Our list of frequently asked questions covers common questions that MCN fields from clinicians in our network, specifically for essential worker communities. The list is regularly updated as new questions arise. Available in English and Spanish.

Las vacunas mRNA contra el COVID-19 con Dra. Eva Gálvez (The mRNA Vaccines against COVID-19, with Dr. Eva Galvez) 

For a more in-depth look at the mRNA vaccines, how they work, their side effects, and more, Dr. Galvez recorded this 23-minute informational video, in Spanish.

Additional materials are available from MCN, on the MCN website:

Checklists: Preparing for an In-Person Event

MCN’s latest checklists assist outreach teams hosting in-person events when virtual gatherings are just not possible.

In English: COVID-19 Vaccines: Health Department and Vaccine Clinic Considerations to Reach Migrant and Immigrant Workers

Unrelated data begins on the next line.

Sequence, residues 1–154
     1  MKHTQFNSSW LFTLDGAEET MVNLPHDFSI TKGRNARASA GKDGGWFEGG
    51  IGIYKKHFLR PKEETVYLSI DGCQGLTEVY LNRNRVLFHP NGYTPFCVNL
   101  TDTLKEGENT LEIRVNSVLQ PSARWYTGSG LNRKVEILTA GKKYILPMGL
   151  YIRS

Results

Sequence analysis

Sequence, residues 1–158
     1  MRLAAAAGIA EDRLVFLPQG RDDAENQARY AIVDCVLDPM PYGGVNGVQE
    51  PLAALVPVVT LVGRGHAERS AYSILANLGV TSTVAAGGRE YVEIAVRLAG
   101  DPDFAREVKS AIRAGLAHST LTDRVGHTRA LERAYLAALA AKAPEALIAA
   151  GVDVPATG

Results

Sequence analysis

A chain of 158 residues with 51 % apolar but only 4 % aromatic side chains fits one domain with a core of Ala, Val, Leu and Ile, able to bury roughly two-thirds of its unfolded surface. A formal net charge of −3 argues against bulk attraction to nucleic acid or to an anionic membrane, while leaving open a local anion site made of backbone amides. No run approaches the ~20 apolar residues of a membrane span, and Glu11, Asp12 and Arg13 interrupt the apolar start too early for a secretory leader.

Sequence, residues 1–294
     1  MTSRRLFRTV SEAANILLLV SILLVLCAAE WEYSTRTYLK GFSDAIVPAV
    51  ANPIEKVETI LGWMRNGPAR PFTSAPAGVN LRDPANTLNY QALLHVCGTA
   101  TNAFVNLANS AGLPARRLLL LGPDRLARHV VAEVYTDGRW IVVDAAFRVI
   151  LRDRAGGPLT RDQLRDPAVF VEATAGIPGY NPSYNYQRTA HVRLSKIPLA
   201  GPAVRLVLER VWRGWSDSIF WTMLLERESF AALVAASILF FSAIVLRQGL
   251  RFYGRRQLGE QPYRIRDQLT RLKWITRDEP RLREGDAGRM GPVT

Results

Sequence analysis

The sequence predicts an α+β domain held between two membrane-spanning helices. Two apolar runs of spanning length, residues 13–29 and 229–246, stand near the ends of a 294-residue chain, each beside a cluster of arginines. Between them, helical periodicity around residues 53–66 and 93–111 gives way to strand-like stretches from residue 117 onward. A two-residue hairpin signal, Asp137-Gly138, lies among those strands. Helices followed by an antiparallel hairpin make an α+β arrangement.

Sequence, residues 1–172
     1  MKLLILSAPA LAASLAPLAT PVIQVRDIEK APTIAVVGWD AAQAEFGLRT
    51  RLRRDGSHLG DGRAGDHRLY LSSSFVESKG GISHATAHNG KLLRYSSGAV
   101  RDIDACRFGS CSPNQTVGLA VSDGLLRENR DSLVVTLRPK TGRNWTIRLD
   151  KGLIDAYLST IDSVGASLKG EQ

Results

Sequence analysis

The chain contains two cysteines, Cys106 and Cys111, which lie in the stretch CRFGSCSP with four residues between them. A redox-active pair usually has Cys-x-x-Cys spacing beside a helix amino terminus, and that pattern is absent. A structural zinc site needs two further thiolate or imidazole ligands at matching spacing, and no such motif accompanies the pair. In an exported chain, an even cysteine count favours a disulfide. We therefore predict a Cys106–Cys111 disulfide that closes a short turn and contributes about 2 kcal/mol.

In Spanish: Vacunas COVID-19: Consideraciones para departamentos de salud y clínicas de vacunas para llegar a los trabajadores migrantes e inmigrantes

In English: Safely Conducting “Touchless” Outreach Events During COVID-19 to Bring Services to Refugee, Immigrant, and Migrant Populations

In Spanish: Realizando eventos "sin contacto" con seguridad durante COVID-19 para llevar servicios a poblaciones de refugiados, inmigrantes y migrantes

What to Expect When Getting the COVID-19 Vaccine